New perspectives on two late Ming novels: "Hsi-yu Pu" and "Jou P'u T'uan"
AuthorAndres, Mark Francis, 1963-
AdvisorSchultz, William R.
MetadataShow full item record
PublisherThe University of Arizona.
RightsCopyright © is held by the author. Digital access to this material is made possible by the University Libraries, University of Arizona. Further transmission, reproduction or presentation (such as public display or performance) of protected items is prohibited except with permission of the author.
AbstractAs the Ming dynasty (1368-1644) collapsed, two outstanding novels were authored, Supplement to the Journey to the West (Hsi-yu Pu) and Prayer Mat of Flesh (Jou P'u T'uan). Although modern critics have studied these two works, important aspects of each novel have been overlooked. Therefore, this study explores three elements of Jou P'u T'uan: the novel as a picaresque novel, the hero's character consistency, and the book's morality. Also examined are the Ch'an Buddhist aspects present in Hsi-yu Pu. Information on the authors, editions, and controversies of these novels has also been presented. An initial chapter is provided discussing the historical and intellectual background. Finally, a comparative study of the two authors and their works has been undertaken to further understanding of both novels. Thus, it is hoped that this work has made a valuable contribution to the study of these two novels.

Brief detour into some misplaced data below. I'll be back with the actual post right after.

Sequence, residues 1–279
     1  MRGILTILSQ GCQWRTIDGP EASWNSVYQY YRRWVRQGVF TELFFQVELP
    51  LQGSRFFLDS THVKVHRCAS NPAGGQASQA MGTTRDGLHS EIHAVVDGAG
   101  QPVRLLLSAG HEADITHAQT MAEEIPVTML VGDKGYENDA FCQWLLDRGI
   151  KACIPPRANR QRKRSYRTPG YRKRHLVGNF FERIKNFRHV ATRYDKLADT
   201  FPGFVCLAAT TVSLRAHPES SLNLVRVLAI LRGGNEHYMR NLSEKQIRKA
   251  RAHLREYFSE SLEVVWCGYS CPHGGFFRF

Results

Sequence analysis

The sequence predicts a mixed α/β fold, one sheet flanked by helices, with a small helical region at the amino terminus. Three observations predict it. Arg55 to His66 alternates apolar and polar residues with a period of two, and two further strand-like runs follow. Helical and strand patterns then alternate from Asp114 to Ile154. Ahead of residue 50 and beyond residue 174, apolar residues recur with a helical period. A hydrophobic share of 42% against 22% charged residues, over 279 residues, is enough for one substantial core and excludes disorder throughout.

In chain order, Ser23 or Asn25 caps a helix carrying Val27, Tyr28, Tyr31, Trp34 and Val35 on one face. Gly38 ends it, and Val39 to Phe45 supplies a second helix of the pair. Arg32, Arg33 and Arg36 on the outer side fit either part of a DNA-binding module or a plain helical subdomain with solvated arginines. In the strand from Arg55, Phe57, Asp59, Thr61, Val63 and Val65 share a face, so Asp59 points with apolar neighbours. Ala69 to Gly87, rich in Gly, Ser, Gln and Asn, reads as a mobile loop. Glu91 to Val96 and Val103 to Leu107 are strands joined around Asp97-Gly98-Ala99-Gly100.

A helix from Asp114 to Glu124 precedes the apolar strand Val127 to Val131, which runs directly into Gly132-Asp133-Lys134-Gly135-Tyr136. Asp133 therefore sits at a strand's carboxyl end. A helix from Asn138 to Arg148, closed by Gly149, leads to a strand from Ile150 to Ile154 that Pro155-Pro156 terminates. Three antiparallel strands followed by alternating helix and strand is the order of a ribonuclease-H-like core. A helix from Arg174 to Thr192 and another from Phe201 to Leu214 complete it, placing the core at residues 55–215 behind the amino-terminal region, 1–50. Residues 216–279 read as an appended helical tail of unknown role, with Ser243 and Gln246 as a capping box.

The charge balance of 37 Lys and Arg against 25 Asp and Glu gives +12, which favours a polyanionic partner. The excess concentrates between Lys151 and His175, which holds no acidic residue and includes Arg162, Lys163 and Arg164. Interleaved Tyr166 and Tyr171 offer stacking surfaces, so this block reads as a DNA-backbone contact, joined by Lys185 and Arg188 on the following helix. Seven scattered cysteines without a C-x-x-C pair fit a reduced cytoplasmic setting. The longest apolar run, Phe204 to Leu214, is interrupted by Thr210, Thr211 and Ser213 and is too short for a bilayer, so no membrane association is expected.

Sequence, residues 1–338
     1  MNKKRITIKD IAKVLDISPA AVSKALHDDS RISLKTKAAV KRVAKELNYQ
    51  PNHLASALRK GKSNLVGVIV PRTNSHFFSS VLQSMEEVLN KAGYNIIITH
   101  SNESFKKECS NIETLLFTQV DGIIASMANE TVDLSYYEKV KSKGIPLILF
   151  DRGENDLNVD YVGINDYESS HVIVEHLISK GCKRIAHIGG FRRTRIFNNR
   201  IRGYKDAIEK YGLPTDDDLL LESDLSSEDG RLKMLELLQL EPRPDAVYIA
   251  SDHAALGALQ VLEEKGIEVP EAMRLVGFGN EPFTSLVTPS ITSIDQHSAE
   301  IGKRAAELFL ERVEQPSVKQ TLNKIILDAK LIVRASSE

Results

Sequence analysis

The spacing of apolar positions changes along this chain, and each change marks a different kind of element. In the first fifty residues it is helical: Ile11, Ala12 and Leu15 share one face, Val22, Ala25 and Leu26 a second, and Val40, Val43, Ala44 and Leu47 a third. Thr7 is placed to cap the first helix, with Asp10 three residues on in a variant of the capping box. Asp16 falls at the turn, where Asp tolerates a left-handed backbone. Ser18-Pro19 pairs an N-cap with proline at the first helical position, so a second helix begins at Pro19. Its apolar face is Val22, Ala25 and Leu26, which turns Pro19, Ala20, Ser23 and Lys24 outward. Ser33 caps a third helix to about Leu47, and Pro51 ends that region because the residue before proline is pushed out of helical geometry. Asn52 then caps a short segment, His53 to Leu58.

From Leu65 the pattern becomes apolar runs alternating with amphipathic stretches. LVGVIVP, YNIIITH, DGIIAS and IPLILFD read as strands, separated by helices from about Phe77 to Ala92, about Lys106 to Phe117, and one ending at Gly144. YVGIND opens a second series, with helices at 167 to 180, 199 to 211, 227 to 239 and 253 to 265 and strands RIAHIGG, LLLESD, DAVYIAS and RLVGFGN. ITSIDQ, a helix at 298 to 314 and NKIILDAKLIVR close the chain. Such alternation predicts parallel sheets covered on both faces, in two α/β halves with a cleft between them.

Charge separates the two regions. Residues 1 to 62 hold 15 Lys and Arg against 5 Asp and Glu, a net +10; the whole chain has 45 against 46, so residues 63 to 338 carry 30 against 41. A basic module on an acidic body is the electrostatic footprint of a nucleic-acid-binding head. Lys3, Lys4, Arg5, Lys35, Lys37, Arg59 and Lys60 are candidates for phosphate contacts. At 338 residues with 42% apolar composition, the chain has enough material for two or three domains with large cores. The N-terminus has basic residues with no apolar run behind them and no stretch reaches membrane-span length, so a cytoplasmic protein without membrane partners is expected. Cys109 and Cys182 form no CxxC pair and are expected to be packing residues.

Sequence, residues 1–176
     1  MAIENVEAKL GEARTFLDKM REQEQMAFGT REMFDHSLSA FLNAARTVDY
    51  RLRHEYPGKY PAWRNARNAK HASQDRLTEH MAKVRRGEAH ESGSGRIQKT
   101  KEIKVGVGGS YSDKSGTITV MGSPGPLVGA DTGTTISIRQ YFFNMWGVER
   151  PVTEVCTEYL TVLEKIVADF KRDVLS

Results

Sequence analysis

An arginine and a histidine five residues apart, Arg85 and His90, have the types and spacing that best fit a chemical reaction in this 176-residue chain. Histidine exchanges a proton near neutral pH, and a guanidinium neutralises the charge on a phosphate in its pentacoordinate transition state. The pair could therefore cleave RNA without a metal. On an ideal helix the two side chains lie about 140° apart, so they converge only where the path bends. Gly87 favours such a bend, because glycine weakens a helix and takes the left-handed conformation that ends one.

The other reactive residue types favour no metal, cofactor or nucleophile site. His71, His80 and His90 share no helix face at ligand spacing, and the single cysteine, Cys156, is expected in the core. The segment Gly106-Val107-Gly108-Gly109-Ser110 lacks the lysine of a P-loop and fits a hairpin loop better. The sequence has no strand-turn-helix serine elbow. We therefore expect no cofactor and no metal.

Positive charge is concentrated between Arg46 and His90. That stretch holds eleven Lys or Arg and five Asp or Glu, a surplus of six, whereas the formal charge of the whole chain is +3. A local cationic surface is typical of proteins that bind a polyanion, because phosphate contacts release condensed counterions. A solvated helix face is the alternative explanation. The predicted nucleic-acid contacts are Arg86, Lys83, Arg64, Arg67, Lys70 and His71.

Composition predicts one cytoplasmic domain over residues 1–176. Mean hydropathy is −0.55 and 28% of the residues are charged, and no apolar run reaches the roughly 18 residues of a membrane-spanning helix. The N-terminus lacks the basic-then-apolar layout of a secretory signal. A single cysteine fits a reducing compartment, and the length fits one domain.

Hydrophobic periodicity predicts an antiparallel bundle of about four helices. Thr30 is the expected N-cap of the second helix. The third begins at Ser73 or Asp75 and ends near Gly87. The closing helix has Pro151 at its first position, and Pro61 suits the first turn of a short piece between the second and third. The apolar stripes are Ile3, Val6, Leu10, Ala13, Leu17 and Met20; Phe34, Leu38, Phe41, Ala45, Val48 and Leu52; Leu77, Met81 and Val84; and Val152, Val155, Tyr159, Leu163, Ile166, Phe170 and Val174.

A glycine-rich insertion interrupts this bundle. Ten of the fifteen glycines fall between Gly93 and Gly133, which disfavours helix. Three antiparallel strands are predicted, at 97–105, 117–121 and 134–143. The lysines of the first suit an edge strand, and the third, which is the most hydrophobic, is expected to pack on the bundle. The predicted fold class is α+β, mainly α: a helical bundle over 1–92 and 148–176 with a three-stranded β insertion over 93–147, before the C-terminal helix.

Degree ProgramGraduate College